Tension filled the area as the kings and queens of the battlefield took their positions.
One competitor stared into his opponent’s eyes, trying to pull a single thread of a thought from the depths of his mind before striking his next blow.
Then, without a word, a knight had fallen. A scheme for victory was dashed.
OK. Maybe that description is a little dramatic for a chess match. But literally, it’s on point.
At least, in the depths of my weird mind it is.
So at last week’s story meeting, when one of my colleagues pitched a story about the start-up of Riverhead High School’s chess club, I think I got more excited than anyone else in the room — including the woman whose idea it was.
I really enjoy chess — and, for that matter, any other competitive endeavor. But chess involves a particular strategy and mental aspect that few other outlets offer. There are no bad calls from a ref, no wind in your face, no injuries. The resources at your disposal are limited, each tool with a certain use designed to somehow defeat the person sitting across the table from you — and your opponent has the exact same inventory!
There are no excuses other than simply making a bad move.
When my colleague said she had a scheduling conflict and couldn’t interview chess club advisor Dave Spinella, I made my move and hopped on the story myself.
Mr. Spinella is known to many of his students as “Spin.” The current girls’ varsity basketball coach, he’s a former basketball captain at West Babylon High School, where he also served as president of the school chess club.
“It would be nice to break the stereotype. It’s not the nerd club. And it’s not all guys,” he said, pointing out some female athletes in the room. “Chess teaches patience, problem solving skills, thinking on the fly and concentration.”
Last spring, Spin started the chess club after noticing a steady stream of kids coming in who had played in chess clubs in the middle school and at Pulaski Street but would have no similar outlet at the high school level.
The club started up in earnest this fall with support from the Parent-Teacher-Student Organization, which purchased 10 chess boards and two clocks for the students.
About 20 students showed up last week at the first club meeting of the school year. They included some of Spin’s athletes, some freshmen who had played in the middle school chess club and some upperclassmen who had started playing last spring.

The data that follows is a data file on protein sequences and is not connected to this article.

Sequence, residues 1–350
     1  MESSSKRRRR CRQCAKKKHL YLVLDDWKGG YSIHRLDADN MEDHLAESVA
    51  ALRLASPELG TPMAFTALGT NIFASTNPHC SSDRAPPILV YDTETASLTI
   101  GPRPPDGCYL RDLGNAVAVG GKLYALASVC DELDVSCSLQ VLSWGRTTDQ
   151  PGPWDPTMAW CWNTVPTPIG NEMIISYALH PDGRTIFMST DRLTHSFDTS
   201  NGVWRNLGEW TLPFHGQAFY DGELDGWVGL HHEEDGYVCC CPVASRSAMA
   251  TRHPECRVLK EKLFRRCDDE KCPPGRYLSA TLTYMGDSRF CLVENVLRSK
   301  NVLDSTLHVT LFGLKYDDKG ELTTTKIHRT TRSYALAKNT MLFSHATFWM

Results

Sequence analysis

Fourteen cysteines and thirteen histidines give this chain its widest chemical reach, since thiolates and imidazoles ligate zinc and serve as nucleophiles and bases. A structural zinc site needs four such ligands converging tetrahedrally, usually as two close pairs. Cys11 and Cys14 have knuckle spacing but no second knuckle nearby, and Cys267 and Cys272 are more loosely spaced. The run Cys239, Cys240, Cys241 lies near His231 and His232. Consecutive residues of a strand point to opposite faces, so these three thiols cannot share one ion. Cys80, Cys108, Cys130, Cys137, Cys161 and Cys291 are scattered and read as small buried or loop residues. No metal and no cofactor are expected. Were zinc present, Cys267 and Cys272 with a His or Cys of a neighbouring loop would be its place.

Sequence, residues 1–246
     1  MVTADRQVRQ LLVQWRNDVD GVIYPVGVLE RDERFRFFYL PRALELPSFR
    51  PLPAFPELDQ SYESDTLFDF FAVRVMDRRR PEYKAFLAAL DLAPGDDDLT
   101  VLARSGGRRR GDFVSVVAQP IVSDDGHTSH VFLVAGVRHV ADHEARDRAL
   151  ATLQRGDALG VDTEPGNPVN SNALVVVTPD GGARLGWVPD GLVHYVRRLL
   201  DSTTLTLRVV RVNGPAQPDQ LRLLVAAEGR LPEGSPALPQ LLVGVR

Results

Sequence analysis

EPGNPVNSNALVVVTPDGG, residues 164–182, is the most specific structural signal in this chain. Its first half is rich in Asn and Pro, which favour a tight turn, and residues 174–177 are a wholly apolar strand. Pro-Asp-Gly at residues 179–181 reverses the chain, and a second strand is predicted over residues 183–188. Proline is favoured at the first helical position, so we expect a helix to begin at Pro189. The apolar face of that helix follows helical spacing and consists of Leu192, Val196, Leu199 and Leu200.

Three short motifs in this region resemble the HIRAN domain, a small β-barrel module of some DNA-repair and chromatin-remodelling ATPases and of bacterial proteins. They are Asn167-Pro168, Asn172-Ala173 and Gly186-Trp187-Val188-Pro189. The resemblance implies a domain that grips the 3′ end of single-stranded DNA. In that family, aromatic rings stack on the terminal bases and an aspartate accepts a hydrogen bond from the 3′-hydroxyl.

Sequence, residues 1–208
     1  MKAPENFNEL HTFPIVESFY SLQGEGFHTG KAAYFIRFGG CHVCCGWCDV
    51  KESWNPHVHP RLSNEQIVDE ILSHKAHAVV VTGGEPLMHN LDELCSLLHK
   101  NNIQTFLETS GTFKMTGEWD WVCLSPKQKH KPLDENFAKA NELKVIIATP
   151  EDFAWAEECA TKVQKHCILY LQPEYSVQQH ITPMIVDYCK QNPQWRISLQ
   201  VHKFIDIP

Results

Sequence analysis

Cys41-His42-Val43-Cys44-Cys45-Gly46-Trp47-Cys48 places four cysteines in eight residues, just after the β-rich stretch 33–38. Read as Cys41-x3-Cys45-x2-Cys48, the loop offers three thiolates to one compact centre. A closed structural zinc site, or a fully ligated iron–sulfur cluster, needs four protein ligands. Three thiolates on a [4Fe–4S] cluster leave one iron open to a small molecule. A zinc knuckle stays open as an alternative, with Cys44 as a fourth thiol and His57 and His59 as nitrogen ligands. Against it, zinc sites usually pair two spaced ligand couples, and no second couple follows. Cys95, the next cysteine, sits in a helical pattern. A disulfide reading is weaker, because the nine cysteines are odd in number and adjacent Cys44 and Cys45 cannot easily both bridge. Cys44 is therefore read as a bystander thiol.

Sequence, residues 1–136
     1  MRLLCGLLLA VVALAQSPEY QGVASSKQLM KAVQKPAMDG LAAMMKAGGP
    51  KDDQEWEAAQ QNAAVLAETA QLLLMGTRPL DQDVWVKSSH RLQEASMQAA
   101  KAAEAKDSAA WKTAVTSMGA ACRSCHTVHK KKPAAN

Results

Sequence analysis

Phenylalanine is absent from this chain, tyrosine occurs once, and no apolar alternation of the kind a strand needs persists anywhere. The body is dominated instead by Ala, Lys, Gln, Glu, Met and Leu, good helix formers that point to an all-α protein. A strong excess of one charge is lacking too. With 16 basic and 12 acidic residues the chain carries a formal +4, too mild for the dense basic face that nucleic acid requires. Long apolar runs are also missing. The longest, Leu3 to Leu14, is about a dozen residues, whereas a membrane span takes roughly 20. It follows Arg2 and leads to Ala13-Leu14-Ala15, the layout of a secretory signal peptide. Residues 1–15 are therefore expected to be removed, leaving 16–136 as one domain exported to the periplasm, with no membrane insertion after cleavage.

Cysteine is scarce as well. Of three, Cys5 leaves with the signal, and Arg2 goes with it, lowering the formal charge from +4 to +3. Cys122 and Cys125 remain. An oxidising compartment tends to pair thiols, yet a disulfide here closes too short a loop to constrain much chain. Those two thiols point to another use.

At one table, a pair of female basketball and volleyball players huddled over one chess board. Miecko Vail was teaching Joanna Messina, who was playing her first game of chess ever.
Miecko made a move that exposed her queen to Joanna, who was unaware how important that mistake could be to winning. Ever the competitor, I couldn’t help but point the error out to Joanna. Miecko took her move back, but Joanna didn’t seem to mind and the game went on.
Spin said he’d like to have Ron Boyd speak to the chess club. He’s a former educator at Pulaski Street School who, along with Wanda Nardolillo, built up that school’s chess club in the mid-1990s. Boyd retired in 2004.
Boyd says there’s more to chess than just winning the match. He said he ran Pulaski’s in-school suspension program and would use the game as a tool to teach kids about more than the game itself.
He pointed out that just by playing with someone else in a club setting, socialization skills are being nurtured. And even when you lose, he said, “you learn another strategy to apply to your own game.”
I guess I never thought of chess as a learning tool. But then again, when I think about the game of chess as an actual battlefield, I suppose that doesn’t exactly lend itself to teaching moments.
Maybe my next move is to learn a thing or two from Ron, Joanna and Miecko: Be a little less competitive and a little more social.
Which chess piece do I use for that?
Joseph Pinciaro is the managing editor of the Riverhead News-Review. He can be reached at 631-298-3200, ext. 238